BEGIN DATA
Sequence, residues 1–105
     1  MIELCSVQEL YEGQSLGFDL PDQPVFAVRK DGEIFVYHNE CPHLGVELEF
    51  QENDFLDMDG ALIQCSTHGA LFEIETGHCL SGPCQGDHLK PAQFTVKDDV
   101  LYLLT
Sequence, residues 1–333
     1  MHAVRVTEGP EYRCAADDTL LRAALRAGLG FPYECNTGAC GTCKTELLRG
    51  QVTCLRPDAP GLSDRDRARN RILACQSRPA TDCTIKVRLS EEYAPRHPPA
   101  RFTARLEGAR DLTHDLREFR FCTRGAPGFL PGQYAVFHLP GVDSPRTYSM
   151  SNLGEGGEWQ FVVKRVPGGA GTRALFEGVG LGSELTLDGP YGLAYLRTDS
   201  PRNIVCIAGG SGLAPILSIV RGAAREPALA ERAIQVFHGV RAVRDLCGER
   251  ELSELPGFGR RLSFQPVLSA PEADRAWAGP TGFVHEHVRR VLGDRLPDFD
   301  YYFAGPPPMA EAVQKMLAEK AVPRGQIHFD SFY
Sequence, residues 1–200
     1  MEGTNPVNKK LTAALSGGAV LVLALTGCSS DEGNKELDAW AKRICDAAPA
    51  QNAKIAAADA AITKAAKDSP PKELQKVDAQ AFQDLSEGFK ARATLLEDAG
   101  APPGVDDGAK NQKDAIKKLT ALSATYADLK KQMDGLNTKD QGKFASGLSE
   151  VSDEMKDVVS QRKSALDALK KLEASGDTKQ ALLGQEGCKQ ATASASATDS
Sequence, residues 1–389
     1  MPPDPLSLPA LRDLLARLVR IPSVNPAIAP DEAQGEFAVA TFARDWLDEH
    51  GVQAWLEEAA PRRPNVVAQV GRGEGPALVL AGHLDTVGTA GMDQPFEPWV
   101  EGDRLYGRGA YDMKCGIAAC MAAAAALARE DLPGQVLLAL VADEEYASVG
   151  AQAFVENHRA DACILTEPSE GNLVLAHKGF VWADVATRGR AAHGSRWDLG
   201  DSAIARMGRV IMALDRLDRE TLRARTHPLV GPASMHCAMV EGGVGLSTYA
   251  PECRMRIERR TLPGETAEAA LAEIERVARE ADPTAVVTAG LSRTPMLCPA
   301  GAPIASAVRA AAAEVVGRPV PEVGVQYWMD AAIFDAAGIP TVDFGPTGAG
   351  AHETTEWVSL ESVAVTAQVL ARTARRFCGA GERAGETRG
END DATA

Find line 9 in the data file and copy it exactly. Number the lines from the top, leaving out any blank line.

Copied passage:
   151  SNLGEGGEWQ FVVKRVPGGA GTRALFEGVG LGSELTLDGP YGLAYLRTDS